After President-elect Barack Obama and enlarged Democratic majorities take power in January, the District of Columbia’s longtime quest for congressional representation seems poised to succeed. But Obama supports something even more ambitious—statehood for the District, a position that, if pursued, would spark a vicious fight with congressional Republicans over what would almost certainly be two new Democratic Senate seats.
No group of American citizens has been disenfranchised longer than the residents of Washington, DC. Despite paying federal taxes and fighting in the nation’s wars, DC residents have lacked a say in Congress since the District was established. Last year, the DC representation advocates thought they were on the brink of putting that legacy to rest with a bill that would have added one House seat in heavily Democratic DC and another in heavily Republican Utah.
In the end, the bill fell just a few votes short of the 60 needed to defeat a Republican filibuster in the Senate. “Going into the vote, it actually looked like we would have 61 votes,” says Ilir Zherka, the head of the DC Vote Coalition, a group of more than 80 organizations working for DC representation. “We were feeling pretty confident.” At the time, DC Vote’s supporters heard through the grapevine that 10 Republicans would vote with them, but shortly before the vote, according to Zherka, Senate Minority Leader Mitch McConnell stood up in a Republican caucus meeting and argued that the bill was a slippery slope to two additional Democratic Senators and eventual statehood for DC. “At the end of the day the political calculus that he and a few other Republican leaders made was that if [House representation] were successful, it would lead to other wins,” says Zherka. “So they wanted to fight this bill as if it was those fights.”
Seven of the ten Republican senators voted for the bill but three—John McCain, Thad Cochran, and Gordon Smith—switched to a no vote. Democratic Senator Max Baucus of Montana also voted no, claiming that two additional House seats would further dilute the power of his state’s one-man House delegation.
After Obama takes office and the new Congress convenes, Zherka is confident Washingtonians will finally get an elected representative. He expects to have the support of the same seven Republicans, all of whom, with the possible exception of Norm Coleman of Minnesota (who’s locked in a recount with Al Franken), will be returning to the Senate. And he’ll likely have the support of all seven (and potentially eight) incoming freshmen Democrats, putting DC Vote comfortably over the 60-vote barrier. “We have the votes for cloture,” Zherka says. “I’m very optimistic that we will get the bill passed next year and signed into law.”
And this time DC Vote can rely on a presidential signature, no sure thing under Bush. Obama voted for the bill in 2007 and DC’s non-voting delegate in the House, Eleanor Holmes Norton, has said Obama promised her he would approve the bill. The only thing that appears to stand between DC and representation in the House now are post-passage lawsuits that are sure to follow, for which Zherka says the representation movement is already lawyering up.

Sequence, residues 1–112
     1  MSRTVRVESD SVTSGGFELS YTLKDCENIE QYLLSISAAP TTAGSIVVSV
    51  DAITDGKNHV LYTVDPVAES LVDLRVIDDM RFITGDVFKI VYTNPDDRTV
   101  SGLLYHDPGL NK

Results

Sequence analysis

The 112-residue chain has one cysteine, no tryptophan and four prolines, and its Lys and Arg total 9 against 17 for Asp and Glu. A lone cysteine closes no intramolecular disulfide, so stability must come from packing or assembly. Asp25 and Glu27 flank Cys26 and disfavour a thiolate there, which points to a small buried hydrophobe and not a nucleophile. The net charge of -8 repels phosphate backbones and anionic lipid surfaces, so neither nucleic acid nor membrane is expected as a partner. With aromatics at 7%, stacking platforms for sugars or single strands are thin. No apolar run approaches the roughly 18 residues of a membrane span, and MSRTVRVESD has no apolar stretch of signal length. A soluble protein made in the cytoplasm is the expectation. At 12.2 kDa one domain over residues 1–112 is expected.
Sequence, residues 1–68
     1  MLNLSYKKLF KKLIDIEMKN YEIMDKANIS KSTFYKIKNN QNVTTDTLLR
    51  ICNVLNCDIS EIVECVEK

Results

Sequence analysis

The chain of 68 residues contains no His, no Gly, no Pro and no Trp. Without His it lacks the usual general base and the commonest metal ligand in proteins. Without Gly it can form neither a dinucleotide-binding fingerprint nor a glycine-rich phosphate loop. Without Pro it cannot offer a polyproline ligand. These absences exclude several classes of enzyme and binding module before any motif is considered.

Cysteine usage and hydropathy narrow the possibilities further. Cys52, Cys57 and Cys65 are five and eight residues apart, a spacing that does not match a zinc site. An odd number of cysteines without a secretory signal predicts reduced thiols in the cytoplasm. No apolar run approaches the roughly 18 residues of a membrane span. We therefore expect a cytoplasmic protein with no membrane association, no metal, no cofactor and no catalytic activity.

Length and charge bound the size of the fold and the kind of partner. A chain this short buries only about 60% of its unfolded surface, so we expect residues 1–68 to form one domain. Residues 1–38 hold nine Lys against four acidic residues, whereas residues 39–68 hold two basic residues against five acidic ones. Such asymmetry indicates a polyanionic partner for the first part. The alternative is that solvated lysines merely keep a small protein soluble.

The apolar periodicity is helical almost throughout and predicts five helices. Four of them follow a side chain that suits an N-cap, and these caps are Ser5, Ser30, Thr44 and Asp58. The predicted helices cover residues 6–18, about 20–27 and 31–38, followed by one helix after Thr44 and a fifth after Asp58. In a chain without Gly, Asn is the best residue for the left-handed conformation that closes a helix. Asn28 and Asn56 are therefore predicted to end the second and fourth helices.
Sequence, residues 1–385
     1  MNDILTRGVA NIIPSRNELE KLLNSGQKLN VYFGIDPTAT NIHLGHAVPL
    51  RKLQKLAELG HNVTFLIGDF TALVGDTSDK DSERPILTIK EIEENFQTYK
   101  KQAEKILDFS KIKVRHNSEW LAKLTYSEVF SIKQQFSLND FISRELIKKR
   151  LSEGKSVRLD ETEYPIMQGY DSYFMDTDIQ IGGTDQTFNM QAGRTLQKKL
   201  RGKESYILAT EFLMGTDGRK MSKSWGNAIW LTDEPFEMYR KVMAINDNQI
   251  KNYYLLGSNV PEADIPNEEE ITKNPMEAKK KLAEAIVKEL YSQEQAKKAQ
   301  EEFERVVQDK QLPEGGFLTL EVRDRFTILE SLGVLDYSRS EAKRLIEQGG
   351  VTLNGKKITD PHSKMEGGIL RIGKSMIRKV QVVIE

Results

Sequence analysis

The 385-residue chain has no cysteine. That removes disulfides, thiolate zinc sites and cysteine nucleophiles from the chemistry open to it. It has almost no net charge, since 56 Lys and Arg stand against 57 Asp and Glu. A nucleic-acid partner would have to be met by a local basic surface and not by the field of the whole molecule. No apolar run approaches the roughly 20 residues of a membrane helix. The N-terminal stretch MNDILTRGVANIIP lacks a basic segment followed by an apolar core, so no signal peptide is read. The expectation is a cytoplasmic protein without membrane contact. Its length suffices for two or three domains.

The real question is whether or not advocates for representation, including Obama, want to push further. During the campaign Obama was quoted as saying he supports statehood for Washington, a position his transition office confirmed but declined to comment on last week. Statehood gained some local support in the ’80s and early ’90s (the last time a constitution for the state of “New Columbia” was drafted was 1987), but has never generated the nationwide support needed to pass a constitutional amendment. It remains unpopular nationally today.
Presently, the fight over statehood seems unlikely to get to the point where the nation as a whole weighs in (the final step in approving the required constitutional amendment is ratification by three-fourths of the states). The District can make the argument that its population is larger than Wyoming’s and just slightly smaller than Vermont’s, North Dakota’s, and Alaska’s, but because it is so reliably Democratic (92 percent of DC residents voted for Obama) Republicans will likely stop the idea in its tracks. This is not just because it could hand filibuster-proof majorities in the Senate to the Democrats in the short term, but because it could shift the long-term balance of power. (Asked for comment, McConnell’s office sent Mother Jones press releases from 2007 in which McConnell is quoted as saying congressional representation of any kind for the District of Columbia is unconstitutional, a claim the DC representation movement rejects.)
Even the DC representation movement isn’t pushing the statehood issue. “Ultimately, the goal is to secure full local democracy,” says Zherka, which he defines as “full control over local issues and local tax dollars, and full representation in the House and the Senate.” And top elected officials in DC are counseling caution. “I don’t think we should put something that is just going to be debated and then could die,” DC Mayor Adrian Fenty told the Washington Post. DC statehood, previously included in Democratic Party Platforms, was left out in 2004 and 2008, with Eleanor Holmes Norton’s blessing.
Even though Zherka sees victory on the horizon, he sees challenges ahead. Economic stimulus, an energy package, and the wars in Iraq and Afghanistan top the agenda when a new session of Congress convenes in January. An issue that affects 0.18 percent of the population could easily slip through the cracks.